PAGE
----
It seems I have a new light bulb moment every year. My 2016-17 aha has been moving from teacher-centered classrooms vs. student-centered classrooms. Until teachers make that shift to putting students at the center of every decision they make, progress in the classroom will be minimal. The evidence of student learning is on the top of desks, not at the front of the room.

 

 

I also have a favorite s star-struck moment. This past October, I attended a coaching institute at Columbia University's Teachers College. During lunch I was a little overwhelmed by the process in the Columbia University cafeteria. Lucy Calkins came to my rescue and ordered my lunch for me. Only my teacher-nerd friends could appreciate my awe.

 

 

 October Coach of the Month: Margaret DeLoach

Margaret DeLoach

My name is Margaret DeLoach, and I have been an educator for 19 years. I have had the pleasure of teaching elementary grades preschool through fourth grade during my tenure. The majority of my classroom experience has been teaching kindergarten, where my passion for literacy was fostered. For the last three school  years, I have been serving as Gibson County Special School District’s early grades Literacy Coach. It is in this current position that I have been given excellent opportunities to develop my craft of coaching literacy teachers.
 
The Read to be Ready Coaching Network is proving to be one of those excellent opportunities for professional development. The network has developed comprehensive, high-quality, content specific, and directly applicable training. The network not only gathers coaches from many districts and encourages collaboration, but it has established regional coaches to support district coaches like myself. The relationship with my regional coach, Ashley Kelley, is the key to increasing the success of the Read to be Ready initiative in my school district. By partnering with Ashley, we are planning, reflecting, and collaborating with early grades teachers with anticipated success.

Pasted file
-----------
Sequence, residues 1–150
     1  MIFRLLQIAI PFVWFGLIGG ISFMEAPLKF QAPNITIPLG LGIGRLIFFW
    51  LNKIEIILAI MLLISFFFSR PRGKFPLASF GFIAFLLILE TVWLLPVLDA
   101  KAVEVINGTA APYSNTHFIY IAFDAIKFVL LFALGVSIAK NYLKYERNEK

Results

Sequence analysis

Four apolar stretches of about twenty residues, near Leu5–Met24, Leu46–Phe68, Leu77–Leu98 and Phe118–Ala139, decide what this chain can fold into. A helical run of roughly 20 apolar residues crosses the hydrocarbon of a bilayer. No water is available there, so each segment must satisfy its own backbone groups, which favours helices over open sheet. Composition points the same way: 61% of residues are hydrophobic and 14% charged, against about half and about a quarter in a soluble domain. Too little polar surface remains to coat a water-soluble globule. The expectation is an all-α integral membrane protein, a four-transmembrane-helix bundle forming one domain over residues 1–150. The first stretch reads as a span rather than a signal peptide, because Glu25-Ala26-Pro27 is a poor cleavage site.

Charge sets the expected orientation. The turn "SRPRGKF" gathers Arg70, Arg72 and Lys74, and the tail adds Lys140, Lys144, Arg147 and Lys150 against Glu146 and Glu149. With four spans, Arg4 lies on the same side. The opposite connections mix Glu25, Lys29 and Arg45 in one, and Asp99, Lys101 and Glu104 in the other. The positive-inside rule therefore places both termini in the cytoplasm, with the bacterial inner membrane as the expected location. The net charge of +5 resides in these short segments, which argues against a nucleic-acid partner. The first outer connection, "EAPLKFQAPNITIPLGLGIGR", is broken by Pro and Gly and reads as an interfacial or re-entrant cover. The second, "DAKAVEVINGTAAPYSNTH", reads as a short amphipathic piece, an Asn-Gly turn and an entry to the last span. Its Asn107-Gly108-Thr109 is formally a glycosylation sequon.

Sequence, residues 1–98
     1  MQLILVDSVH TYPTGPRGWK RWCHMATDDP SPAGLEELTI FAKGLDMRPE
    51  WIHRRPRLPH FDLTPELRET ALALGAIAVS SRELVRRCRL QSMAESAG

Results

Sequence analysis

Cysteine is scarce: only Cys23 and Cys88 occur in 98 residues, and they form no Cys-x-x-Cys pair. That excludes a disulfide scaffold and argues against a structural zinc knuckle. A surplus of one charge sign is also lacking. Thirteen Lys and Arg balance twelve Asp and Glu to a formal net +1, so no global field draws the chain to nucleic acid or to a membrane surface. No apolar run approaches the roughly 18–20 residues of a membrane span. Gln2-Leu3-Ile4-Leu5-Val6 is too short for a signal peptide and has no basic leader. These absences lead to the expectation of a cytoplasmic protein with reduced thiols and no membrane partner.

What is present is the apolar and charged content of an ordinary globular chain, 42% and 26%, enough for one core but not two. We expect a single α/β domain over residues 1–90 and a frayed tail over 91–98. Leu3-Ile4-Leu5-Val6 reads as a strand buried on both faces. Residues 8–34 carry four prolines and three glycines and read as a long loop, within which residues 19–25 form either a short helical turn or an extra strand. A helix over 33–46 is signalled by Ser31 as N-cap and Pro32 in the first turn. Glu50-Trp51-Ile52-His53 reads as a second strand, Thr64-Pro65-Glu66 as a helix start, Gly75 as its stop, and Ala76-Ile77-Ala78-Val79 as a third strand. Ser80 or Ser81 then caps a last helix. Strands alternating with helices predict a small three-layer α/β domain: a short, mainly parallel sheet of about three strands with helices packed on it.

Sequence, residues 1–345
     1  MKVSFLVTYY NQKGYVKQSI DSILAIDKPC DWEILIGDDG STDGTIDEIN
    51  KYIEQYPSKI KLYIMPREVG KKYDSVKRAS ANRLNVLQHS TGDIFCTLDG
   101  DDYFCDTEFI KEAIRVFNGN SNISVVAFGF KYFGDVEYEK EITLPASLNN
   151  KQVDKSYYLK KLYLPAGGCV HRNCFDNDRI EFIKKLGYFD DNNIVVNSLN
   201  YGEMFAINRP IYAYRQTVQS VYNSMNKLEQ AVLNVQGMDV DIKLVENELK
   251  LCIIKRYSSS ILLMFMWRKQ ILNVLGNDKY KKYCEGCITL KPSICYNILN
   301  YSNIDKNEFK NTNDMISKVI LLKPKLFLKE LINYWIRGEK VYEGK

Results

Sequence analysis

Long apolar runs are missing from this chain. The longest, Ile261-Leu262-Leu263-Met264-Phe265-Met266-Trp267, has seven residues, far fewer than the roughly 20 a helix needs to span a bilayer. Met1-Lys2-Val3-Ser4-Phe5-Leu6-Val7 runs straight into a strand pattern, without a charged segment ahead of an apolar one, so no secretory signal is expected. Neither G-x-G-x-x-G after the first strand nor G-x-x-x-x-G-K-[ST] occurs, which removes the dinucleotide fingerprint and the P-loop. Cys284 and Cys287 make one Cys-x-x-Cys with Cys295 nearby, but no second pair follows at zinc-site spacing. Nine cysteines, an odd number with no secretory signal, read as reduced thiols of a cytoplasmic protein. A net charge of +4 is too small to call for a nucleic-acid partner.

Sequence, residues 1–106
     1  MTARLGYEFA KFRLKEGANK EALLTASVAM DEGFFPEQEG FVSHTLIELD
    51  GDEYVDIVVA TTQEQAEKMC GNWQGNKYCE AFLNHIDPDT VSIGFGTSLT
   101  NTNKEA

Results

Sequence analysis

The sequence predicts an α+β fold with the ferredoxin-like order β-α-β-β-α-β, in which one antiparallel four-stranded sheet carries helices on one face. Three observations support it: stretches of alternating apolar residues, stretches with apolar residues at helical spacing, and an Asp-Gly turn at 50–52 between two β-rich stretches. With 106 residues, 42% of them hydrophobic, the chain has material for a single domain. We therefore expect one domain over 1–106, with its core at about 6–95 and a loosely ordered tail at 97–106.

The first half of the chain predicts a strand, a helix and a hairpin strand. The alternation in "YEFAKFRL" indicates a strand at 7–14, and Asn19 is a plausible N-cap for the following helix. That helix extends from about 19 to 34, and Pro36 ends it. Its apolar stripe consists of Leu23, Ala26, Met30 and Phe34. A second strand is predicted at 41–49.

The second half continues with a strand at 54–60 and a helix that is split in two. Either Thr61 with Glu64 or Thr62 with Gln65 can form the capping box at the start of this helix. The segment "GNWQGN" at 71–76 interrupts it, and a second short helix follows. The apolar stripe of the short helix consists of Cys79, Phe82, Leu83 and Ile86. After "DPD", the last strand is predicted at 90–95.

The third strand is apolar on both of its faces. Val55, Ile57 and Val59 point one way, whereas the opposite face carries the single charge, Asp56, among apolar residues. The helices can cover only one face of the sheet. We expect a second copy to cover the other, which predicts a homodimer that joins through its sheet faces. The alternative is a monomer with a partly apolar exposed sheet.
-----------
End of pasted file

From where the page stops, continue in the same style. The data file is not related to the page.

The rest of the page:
Being that we are in the beginning stages of the Read to be Ready initiative, I am encouraged by the feedback I am hearing from the teachers I am coaching. The interactive read alouds have proven to be a great start in opening the door to strengthening early literacy in my school district. We are focusing on setting high expectations for students with intentional support for teachers. Through the strategies Read to be Ready is focusing on, coupled with the coaching components, I am confident that our participation in this state initiative will yield positive results. 
 
 

 

November Coach of the Month: Tiffany Marshall

Tiffany Marshall

My name is Tiffany Marshall, and I have been a teacher in the Cocke County School System for 21 years and an educator for 22 years. I have been married for 21 years and have twin daughters that are getting ready to turn sixteen. My favorite coaching moment was when I went into a second grade classroom to observe an interactive read aloud and I saw the children’s excitement on their faces when they heard the book read. The vocabulary helped the students develop a deeper knowledge of the content that was being presented to them. It is rewarding to see students learn in a way that is exciting and fun for them. I enjoy being a Read to be Ready coach and working with my teachers. I have been blessed to work with such a caring group of teachers in the Cocke County School System. I find it an honor to have been chosen the November Coach of the month for Read to Be Ready. It has always been my dream to help children succeed in everything that they do, and this coaching job provides me the opportunity to touch many different students’ lives.